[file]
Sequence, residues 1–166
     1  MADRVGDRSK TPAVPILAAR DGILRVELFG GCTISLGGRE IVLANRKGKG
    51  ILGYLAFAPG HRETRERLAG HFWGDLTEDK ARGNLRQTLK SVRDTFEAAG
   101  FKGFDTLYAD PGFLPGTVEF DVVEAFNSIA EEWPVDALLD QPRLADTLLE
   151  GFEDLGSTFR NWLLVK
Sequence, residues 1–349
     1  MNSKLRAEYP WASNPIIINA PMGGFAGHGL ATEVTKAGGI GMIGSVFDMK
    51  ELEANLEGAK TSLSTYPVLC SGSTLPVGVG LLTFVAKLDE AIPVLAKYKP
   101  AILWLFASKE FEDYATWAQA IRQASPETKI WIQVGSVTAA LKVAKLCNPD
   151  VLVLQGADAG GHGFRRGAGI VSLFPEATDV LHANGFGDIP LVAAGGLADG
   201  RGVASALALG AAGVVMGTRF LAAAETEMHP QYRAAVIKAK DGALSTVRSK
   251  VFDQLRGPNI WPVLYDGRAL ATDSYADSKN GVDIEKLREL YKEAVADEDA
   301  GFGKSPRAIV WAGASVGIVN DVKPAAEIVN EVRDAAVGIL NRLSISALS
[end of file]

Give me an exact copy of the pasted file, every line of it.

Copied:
Sequence, residues 1–166
     1  MADRVGDRSK TPAVPILAAR DGILRVELFG GCTISLGGRE IVLANRKGKG
    51  ILGYLAFAPG HRETRERLAG HFWGDLTEDK ARGNLRQTLK SVRDTFEAAG
   101  FKGFDTLYAD PGFLPGTVEF DVVEAFNSIA EEWPVDALLD QPRLADTLLE
   151  GFEDLGSTFR NWLLVK
Sequence, residues 1–349
     1  MNSKLRAEYP WASNPIIINA PMGGFAGHGL ATEVTKAGGI GMIGSVFDMK
    51  ELEANLEGAK TSLSTYPVLC SGSTLPVGVG LLTFVAKLDE AIPVLAKYKP
   101  AILWLFASKE FEDYATWAQA IRQASPETKI WIQVGSVTAA LKVAKLCNPD
   151  VLVLQGADAG GHGFRRGAGI VSLFPEATDV LHANGFGDIP LVAAGGLADG
   201  RGVASALALG AAGVVMGTRF LAAAETEMHP QYRAAVIKAK DGALSTVRSK
   251  VFDQLRGPNI WPVLYDGRAL ATDSYADSKN GVDIEKLREL YKEAVADEDA
   301  GFGKSPRAIV WAGASVGIVN DVKPAAEIVN EVRDAAVGIL NRLSISALS